Thermochemical Conversion of Biomass to Liquid Fuels and Chemicals Editor: Mark Crocker

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This book contains 532 pages.

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10 Sep 2010
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About this book

There is increasing recognition that low-cost, high capacity processes for the conversion of biomass into fuels and chemicals are essential for expanding the utilization of carbon neutral processes, reducing dependency on fossil fuel resources, and increasing rural income. While much attention has focused on the use of biomass to produce ethanol via fermentation, high capacity processes are also required for the production of hydrocarbon fuels and chemicals from lignocellulosic biomass. In this context, this book provides an up-to-date overview of the thermochemical methods available for biomass conversion to liquid fuels and chemicals. In addition to traditional conversion technologies such as fast pyrolysis, new developments are considered, including catalytic routes for the production of liquid fuels from carbohydrates and the use of ionic liquids for lignocellulose utilization. The individual chapters, written by experts in the field, provide an introduction to each topic, as well as describing recent research developments.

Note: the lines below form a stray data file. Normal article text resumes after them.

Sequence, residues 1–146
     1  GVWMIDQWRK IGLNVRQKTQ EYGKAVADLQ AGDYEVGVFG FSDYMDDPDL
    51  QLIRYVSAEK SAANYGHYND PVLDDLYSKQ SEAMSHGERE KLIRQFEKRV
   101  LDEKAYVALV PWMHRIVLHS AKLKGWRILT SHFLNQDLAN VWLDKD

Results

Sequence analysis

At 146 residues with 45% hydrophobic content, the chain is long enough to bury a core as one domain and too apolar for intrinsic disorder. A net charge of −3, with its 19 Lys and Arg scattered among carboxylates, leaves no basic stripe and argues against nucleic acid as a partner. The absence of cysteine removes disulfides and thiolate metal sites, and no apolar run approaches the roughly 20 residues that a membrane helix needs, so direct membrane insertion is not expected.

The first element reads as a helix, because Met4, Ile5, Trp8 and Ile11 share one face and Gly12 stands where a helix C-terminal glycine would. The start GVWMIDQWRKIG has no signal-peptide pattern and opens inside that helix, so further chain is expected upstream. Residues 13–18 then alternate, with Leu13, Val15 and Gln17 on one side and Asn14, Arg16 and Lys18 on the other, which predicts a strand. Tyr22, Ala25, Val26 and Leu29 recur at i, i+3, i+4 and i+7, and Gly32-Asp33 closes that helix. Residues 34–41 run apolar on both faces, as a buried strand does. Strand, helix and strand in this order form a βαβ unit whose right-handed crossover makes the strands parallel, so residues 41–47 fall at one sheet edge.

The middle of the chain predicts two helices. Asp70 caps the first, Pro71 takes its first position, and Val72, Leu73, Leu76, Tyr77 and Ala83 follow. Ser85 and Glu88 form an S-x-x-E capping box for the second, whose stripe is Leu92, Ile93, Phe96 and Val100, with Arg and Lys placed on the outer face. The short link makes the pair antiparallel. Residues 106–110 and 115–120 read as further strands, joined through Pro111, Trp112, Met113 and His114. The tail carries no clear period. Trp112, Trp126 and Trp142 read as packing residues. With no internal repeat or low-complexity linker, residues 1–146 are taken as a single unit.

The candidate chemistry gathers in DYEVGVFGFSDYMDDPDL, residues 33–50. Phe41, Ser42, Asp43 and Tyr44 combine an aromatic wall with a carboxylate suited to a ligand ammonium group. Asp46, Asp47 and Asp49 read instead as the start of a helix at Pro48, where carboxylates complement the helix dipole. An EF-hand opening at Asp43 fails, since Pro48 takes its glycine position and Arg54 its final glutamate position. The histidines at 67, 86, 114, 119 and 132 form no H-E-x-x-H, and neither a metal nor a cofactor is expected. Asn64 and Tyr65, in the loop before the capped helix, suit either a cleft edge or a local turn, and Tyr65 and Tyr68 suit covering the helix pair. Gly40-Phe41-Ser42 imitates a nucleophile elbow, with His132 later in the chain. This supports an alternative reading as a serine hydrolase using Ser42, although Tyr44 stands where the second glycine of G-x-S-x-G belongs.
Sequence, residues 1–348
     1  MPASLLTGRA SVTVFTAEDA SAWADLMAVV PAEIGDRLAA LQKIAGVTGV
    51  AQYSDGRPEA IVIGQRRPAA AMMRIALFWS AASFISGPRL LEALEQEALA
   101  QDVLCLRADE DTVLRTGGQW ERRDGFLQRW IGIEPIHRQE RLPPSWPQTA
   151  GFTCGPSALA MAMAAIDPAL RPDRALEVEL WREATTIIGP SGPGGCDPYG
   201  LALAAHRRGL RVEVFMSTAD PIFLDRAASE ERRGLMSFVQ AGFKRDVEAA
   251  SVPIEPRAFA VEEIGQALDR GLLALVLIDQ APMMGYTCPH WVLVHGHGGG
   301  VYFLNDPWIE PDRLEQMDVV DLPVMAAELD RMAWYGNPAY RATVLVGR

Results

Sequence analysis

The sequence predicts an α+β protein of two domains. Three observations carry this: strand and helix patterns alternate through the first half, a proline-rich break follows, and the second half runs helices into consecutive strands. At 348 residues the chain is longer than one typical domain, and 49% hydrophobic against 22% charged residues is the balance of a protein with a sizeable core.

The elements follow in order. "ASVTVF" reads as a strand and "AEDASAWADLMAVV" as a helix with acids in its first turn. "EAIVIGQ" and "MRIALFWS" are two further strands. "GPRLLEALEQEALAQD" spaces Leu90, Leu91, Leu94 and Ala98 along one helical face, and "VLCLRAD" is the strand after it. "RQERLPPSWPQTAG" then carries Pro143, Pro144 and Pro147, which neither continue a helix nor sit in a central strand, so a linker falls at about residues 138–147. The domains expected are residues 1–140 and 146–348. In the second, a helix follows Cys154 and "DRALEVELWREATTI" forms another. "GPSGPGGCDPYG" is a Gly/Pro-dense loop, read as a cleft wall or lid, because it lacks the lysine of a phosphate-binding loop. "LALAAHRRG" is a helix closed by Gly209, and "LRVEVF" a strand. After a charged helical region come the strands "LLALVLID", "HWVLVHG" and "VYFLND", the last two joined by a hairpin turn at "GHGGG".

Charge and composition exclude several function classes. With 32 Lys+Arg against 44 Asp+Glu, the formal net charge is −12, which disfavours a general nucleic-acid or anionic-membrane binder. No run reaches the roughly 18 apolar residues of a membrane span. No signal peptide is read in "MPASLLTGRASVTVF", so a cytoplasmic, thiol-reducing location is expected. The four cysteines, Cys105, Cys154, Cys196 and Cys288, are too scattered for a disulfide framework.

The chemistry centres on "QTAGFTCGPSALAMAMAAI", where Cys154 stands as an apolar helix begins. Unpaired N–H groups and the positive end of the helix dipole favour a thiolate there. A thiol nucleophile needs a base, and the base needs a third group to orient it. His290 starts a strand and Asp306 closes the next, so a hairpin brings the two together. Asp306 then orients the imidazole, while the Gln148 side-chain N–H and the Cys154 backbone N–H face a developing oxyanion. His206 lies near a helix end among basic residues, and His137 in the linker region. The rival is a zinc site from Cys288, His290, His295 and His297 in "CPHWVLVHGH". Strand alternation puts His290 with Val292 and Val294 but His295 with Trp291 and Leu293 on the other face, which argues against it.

From the book series:
Energy and Environment Series

Author information

Mark Crocker is an Associate Director at the University of Kentucky Center for Applied Energy Research, where he leads the Biofuels and Environmental Catalysis research program. He has four years experience in the field of biomass upgrading research and recently organized and taught a professional short course concerning this subject. He has also worked in industry and previously held posts as an R&D Manager for the Automotive Catalyst Division of OMG Corp (formerly Degussa) and as a Senior Research Chemist at the Shell Research and Technology Centre in Amsterdam. Mark Crocker holds a BSc in Chemistry and PhD in Inorganic Chemistry from the University of Bristol. He is a member of several scholarly societies and has contributed to numerous journal articles and conferences.